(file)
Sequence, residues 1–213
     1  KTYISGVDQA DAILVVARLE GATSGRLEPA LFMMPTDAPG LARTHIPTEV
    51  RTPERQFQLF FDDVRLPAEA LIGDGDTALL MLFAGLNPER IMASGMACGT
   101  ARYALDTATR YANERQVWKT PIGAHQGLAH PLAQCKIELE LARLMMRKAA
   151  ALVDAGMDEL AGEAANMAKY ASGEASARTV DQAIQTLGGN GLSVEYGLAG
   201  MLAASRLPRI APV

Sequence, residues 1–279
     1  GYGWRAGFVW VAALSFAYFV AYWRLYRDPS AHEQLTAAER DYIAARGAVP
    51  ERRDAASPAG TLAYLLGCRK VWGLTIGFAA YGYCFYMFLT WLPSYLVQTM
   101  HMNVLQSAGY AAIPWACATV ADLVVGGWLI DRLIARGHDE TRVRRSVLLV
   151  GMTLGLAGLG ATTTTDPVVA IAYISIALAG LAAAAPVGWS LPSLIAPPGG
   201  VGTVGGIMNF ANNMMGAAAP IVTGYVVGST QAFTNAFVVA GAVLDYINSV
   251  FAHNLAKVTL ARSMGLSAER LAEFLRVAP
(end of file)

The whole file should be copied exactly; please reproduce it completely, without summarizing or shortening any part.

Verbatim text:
Sequence, residues 1–213
     1  KTYISGVDQA DAILVVARLE GATSGRLEPA LFMMPTDAPG LARTHIPTEV
    51  RTPERQFQLF FDDVRLPAEA LIGDGDTALL MLFAGLNPER IMASGMACGT
   101  ARYALDTATR YANERQVWKT PIGAHQGLAH PLAQCKIELE LARLMMRKAA
   151  ALVDAGMDEL AGEAANMAKY ASGEASARTV DQAIQTLGGN GLSVEYGLAG
   201  MLAASRLPRI APV

Sequence, residues 1–279
     1  GYGWRAGFVW VAALSFAYFV AYWRLYRDPS AHEQLTAAER DYIAARGAVP
    51  ERRDAASPAG TLAYLLGCRK VWGLTIGFAA YGYCFYMFLT WLPSYLVQTM
   101  HMNVLQSAGY AAIPWACATV ADLVVGGWLI DRLIARGHDE TRVRRSVLLV
   151  GMTLGLAGLG ATTTTDPVVA IAYISIALAG LAAAAPVGWS LPSLIAPPGG
   201  VGTVGGIMNF ANNMMGAAAP IVTGYVVGST QAFTNAFVVA GAVLDYINSV
   251  FAHNLAKVTL ARSMGLSAER LAEFLRVAP